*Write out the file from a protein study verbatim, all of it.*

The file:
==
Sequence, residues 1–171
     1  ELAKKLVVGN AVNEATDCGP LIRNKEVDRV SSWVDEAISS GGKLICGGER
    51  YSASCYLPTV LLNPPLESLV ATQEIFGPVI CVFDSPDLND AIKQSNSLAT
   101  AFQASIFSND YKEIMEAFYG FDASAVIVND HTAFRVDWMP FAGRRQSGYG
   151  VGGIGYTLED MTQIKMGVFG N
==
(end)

Sequence, residues 1–171
     1  ELAKKLVVGN AVNEATDCGP LIRNKEVDRV SSWVDEAISS GGKLICGGER
    51  YSASCYLPTV LLNPPLESLV ATQEIFGPVI CVFDSPDLND AIKQSNSLAT
   101  AFQASIFSND YKEIMEAFYG FDASAVIVND HTAFRVDWMP FAGRRQSGYG
   151  VGGIGYTLED MTQIKMGVFG N